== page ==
Is this really a sudachi?

This was sold to us as as a sudachi, but in the photos I see online the fruits are larger (these are about 1") and dark green so I think this is something else. Also, sudachi are not a Clementine-tangelo hybrid.

The flavor is unpleasant, I can’t really see any culinary use unless maybe the fruit isn’t ripe yet.

It shouldn’t be sweet, in Japan it’s used as a souring agent for broth or for ponzu. I’ve been told by a farmer that because of climate differences between here and Japan they turn color sooner. Haven’t verified this myself.

Yeah, sudachi should be sour, but if this is not a sudachi, maybe they’ll eventually ripen and turn sweet.

A citrus grower friend suggested I wait until the fruit starts falling off and then pick one from the tree.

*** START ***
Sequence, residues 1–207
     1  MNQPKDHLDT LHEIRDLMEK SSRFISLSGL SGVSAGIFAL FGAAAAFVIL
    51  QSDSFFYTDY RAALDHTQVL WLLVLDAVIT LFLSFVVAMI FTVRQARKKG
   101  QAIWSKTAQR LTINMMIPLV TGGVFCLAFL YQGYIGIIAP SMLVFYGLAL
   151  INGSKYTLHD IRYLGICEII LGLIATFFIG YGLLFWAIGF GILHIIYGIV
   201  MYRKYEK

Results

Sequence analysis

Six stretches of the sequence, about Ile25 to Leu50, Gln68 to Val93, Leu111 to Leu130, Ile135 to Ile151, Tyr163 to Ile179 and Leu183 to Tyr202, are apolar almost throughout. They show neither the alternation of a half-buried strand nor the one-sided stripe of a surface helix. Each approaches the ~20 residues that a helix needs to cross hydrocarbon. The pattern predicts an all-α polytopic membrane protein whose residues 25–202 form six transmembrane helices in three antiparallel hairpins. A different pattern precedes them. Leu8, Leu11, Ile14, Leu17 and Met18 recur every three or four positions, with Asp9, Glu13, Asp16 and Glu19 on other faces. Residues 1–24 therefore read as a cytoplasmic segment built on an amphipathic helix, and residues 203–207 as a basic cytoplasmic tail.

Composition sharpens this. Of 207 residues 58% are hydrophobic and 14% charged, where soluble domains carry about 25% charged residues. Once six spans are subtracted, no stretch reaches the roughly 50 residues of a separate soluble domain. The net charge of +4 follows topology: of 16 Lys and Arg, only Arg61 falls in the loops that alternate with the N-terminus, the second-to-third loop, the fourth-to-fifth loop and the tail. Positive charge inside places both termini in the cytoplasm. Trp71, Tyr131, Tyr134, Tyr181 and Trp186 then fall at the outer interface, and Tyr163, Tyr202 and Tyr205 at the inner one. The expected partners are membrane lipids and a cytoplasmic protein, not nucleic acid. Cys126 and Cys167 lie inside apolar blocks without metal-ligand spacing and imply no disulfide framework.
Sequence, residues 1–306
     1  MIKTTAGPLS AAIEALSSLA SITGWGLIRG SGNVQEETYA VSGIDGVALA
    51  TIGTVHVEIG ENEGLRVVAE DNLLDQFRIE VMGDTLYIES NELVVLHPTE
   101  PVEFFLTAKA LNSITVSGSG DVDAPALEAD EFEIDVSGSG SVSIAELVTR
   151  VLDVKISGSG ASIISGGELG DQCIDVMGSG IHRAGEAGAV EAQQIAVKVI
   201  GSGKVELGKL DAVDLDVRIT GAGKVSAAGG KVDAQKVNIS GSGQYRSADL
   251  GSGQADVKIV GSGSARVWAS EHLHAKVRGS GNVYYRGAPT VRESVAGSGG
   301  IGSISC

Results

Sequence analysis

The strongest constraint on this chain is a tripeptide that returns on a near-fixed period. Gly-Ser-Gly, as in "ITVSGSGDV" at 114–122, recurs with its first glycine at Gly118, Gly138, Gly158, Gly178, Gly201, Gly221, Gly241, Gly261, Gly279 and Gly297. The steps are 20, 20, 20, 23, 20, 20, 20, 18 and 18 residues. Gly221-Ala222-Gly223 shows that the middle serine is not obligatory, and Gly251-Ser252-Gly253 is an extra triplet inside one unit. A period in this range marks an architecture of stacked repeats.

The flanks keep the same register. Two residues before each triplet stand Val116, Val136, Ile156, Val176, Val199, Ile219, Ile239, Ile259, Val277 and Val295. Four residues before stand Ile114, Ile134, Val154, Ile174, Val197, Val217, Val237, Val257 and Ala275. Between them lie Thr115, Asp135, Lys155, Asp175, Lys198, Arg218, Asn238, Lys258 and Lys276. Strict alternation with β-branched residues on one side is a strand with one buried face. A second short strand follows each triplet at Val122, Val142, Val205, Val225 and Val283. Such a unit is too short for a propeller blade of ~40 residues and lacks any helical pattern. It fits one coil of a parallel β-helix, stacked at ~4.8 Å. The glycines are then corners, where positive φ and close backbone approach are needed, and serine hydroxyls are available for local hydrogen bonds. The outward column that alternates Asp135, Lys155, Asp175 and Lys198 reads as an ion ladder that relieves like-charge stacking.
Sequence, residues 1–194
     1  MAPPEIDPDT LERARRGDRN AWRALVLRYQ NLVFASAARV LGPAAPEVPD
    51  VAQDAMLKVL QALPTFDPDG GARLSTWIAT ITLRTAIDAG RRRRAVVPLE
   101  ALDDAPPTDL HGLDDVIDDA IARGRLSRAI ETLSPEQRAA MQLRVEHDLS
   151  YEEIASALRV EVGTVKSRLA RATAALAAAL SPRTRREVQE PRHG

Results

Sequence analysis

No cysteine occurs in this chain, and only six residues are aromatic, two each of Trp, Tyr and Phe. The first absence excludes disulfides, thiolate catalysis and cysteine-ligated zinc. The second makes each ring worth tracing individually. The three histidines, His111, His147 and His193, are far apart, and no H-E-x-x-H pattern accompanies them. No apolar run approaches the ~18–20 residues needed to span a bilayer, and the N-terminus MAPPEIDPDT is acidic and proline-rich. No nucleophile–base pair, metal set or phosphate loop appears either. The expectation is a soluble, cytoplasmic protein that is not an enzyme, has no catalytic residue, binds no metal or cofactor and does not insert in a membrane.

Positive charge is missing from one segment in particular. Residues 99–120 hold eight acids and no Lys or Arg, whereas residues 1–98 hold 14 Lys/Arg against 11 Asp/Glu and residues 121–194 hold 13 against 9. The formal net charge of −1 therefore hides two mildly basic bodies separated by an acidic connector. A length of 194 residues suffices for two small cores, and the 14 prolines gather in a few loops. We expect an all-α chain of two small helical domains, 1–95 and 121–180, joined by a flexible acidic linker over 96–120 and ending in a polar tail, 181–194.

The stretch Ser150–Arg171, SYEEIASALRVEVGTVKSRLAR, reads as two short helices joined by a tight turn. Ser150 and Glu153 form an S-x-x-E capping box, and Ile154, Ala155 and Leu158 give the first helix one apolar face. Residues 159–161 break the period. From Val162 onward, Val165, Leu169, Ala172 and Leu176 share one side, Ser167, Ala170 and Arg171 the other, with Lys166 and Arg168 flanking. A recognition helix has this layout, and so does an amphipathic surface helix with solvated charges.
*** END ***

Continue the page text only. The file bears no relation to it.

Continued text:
Yuzu / lime / lemon / orange tree owner here. Lawd I wish I could grow sudachi here in SoCal (but as many Japanese have told me, it’s just too damn hot here). That does not look like a sudachi tree. My reasons for saying so is the fruit size looks off. As for color: Most all citrus will turn yellow (yuzu, limes) if one lets it sit on the tree long enough without harvesting it. Some non-orange citruses might even turn the color orange if it stays on the tree long enough.

Interesting tidbit: Limes, IMHO, taste so, so much better (perhaps more sublime? :wink: ) after tree-ripening the fruit and harvesting it only after the lime turns yellow. The problem is that yellow-colored limes look pretty much exactly like lemons, and so they’d confuse the hell out of inventory control at the greengrocer level. The resulting fallacy is that the public believes green limes are best.

Thus, like many citrus fruits we use for primarily for fragrance and zest (yuzu, sudachi, etc.), limes too are harvested early, when they are still green. Some local Japanese Chefs I know ask me to supply them young yuzu (green), as there is a special flavor to their zest to be found during that time, and also because most commercial yuzu outfits refuse to harvest fruits early.